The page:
When you are staying in the meditation hall, do not develop ‘special’ friendships with younger monks. Refrain from going in and out to greet people. Try not to discriminate between the right and wrong in others. Do not be concerned with words and letters. Refrain from sleeping too much. And avoid causing any confusion through being an interference to others.
When a master is delivering a lecture from the high Dharma seat, do not think that what he is teaching is too difficult and thereby cause your mind to become discouraged and unreceptive. Moreover, do not consider what he says to be easy simply because you have often heard such discourses in the past. Just empty your mind of thoughts and listen with the utmost attention: these will definitely act as the conditions for awakening. You should not follow those who study words and who preach to others without understanding. It is said that the water a cow drinks produces milk while the water a serpent drinks produces poison. In a similar way, wise training produces awakening while foolish training only gives rise to birth and death.
You should not think ill of your teachers. Such thoughts will disturb your meditation and prevent any progress in your practice. In this respect you must be most careful. For example, if a wicked person offers to carry a torch for someone journeying at night, but the latter refuses the service of the light because he knows the bearer to be wicked, then he would surely fall into a hole. Similarly, when listening to a discourse, direct your attention upon the profound and subtle Dharma being expounded, without thinking critically of the teacher. Try to free your mind from all delusive thoughts and just deeply contemplate the meaning of what is said. Even after the lecture is over, you should continue to reflect upon it. If doubts arise, do not hesitate to extensively question the master. Should you be perplexed about something in the evening, then inquire about it the next morning. Thus will you avoid falling into error. Moreover, in this way you will create the conditions for genuine faith to arise and will become to be considered as one who pursues the Way.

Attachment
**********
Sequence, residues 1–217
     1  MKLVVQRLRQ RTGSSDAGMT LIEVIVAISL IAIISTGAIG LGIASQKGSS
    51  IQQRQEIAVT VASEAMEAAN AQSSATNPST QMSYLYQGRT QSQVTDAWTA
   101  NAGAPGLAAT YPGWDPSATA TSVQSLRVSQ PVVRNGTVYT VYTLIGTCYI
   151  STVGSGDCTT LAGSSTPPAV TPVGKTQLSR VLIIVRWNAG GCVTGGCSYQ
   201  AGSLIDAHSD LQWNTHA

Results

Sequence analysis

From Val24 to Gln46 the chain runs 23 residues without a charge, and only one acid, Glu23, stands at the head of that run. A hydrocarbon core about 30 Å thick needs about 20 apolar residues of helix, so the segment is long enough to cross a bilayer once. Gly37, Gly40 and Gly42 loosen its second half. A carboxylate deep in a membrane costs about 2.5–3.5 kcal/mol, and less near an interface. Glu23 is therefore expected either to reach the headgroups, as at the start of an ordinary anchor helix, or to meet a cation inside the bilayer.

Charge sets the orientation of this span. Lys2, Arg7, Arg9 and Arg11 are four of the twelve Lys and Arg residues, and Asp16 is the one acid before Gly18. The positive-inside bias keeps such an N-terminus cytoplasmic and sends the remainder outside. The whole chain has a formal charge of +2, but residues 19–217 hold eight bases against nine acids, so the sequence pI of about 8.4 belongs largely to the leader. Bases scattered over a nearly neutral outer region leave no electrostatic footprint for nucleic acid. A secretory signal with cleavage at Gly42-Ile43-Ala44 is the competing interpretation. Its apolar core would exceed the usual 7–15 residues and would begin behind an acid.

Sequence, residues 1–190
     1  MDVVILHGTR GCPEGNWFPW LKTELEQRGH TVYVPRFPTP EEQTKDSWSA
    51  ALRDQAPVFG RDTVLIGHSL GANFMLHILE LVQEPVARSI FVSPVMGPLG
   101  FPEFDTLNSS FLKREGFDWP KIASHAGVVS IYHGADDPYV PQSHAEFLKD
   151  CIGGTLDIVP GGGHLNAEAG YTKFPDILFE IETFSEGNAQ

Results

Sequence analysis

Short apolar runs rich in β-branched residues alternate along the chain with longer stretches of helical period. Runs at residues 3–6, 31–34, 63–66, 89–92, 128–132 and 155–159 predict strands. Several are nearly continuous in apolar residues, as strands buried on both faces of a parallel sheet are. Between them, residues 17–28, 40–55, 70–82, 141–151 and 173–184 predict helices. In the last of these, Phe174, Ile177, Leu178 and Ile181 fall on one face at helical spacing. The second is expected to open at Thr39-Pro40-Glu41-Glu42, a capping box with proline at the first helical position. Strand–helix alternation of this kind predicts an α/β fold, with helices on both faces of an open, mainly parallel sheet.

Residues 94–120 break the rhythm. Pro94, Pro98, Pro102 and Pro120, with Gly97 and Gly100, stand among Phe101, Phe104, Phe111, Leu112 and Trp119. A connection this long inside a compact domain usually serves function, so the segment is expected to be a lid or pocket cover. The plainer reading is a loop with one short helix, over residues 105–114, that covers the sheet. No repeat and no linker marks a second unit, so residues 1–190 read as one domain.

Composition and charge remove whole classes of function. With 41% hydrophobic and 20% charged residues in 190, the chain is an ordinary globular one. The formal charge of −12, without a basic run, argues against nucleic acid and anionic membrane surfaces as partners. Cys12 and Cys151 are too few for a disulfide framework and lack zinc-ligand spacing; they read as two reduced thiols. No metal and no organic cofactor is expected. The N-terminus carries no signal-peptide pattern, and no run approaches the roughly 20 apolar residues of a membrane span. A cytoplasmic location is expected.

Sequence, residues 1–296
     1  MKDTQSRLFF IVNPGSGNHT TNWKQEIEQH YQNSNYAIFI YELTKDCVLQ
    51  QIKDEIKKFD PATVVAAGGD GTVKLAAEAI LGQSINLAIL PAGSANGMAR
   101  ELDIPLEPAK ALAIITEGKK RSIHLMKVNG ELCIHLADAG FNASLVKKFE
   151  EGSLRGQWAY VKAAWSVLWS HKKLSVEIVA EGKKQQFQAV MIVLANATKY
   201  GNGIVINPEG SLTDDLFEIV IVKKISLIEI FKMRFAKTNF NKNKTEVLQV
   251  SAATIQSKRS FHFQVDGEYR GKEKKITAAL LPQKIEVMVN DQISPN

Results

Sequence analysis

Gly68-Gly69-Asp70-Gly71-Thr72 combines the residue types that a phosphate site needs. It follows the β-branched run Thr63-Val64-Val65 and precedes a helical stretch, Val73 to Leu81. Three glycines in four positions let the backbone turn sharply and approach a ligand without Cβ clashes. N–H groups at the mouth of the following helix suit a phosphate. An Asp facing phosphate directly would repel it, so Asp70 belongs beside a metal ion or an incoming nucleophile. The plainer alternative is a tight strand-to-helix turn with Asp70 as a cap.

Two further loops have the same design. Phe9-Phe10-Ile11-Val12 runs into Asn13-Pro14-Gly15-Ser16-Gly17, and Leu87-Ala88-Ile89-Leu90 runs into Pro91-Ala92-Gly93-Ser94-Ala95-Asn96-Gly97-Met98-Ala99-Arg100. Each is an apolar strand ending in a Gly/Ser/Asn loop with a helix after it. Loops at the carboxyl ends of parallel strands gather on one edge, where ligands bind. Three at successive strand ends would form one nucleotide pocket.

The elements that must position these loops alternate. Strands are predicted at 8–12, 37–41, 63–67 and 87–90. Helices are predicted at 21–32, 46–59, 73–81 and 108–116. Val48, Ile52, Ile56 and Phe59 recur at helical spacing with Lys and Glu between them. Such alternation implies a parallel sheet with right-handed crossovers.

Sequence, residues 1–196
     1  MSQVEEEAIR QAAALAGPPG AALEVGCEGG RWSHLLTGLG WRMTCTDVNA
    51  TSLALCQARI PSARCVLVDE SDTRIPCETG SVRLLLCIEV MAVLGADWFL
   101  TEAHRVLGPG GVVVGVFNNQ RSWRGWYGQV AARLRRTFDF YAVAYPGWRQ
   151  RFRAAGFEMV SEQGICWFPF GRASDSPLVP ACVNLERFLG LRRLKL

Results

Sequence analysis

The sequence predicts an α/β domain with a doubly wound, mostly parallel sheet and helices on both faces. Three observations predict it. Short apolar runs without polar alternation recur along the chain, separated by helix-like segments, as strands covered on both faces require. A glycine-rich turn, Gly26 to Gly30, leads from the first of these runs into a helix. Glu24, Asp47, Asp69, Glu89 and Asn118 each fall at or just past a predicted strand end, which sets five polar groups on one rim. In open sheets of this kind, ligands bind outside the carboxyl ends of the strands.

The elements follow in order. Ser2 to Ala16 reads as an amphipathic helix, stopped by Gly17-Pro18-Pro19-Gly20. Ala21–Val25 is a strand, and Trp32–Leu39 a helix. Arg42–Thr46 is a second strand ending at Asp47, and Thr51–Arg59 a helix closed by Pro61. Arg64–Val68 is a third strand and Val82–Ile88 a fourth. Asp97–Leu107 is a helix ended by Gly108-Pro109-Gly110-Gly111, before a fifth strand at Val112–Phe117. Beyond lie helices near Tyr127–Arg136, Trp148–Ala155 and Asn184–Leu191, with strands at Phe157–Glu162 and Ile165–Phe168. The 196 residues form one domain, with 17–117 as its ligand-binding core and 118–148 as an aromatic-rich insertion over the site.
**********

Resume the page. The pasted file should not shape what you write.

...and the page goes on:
Desire, anger and ignorance have been accumulated since beginningless time and are deeply ingrained in your mind. Although sometimes they appear subdued, like a malaria that attacks on alternate days, they always reoccur. At all times intensify your efforts; apply the power of skilful means and wisdom, and thus protect your mind from the arising of these three mental poisons. So why do you waste your time by lazily indulging in useless talk? Do you think you can just wait for an awakening to the Mind and liberation from the ocean of suffering to happen?
Therefore, be strong willed and scold yourself for being lazy. Clearly recognize your own faults and make efforts to rectify them. Apply yourself to the controlling of the confused mind. Through diligently practising meditation, the strength of your insight will gradually deepen. With a regular practice, the path ahead of you will be smooth and undefiled. This Dharma of awakening is difficult to come across. Yet by constantly reflecting on it, the way always appears to be new. By cultivating a happy and contented mind, you will be prevented from finally turning back (out of discouragement). Through practising meditation over a very long time, your Mind will naturally appear bright. In this way, you will come to awaken to your Mind, and out of compassion set out to save all other sentient beings. Thereby, you will become a vast field of blessings for men and celestials alike. I urge you to exert yourselves in earnest.
Translated by Martine Batchelor. First published in the December 1990 Buddhism Now
Filed under: Buddhism, Buddhist meditation, Ch'an / Seon / Zen, Encyclopedia, History, Mahayana, Martine Batchelor | Tagged: Chinul Sunim, Five Precepts, Korean Buddhism, Korean Son Seon, Martine Batchelor, Songgwang-sa, Ten Precepts |